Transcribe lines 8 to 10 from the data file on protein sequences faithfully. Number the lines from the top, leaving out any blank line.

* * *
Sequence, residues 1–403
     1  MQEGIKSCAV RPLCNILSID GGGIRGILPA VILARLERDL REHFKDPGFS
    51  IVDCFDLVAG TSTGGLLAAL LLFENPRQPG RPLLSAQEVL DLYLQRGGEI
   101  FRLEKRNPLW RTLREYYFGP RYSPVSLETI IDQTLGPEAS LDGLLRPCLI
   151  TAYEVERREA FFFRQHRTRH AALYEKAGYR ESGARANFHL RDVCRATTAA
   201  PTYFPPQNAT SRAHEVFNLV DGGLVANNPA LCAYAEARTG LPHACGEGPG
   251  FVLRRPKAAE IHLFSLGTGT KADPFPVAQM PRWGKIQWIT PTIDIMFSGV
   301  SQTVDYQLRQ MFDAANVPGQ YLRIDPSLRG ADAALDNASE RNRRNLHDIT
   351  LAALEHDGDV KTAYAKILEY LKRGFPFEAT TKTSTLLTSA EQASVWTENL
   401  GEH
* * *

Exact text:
   301  SQTVDYQLRQ MFDAANVPGQ YLRIDPSLRG ADAALDNASE RNRRNLHDIT
   351  LAALEHDGDV KTAYAKILEY LKRGFPFEAT TKTSTLLTSA EQASVWTENL
   401  GEH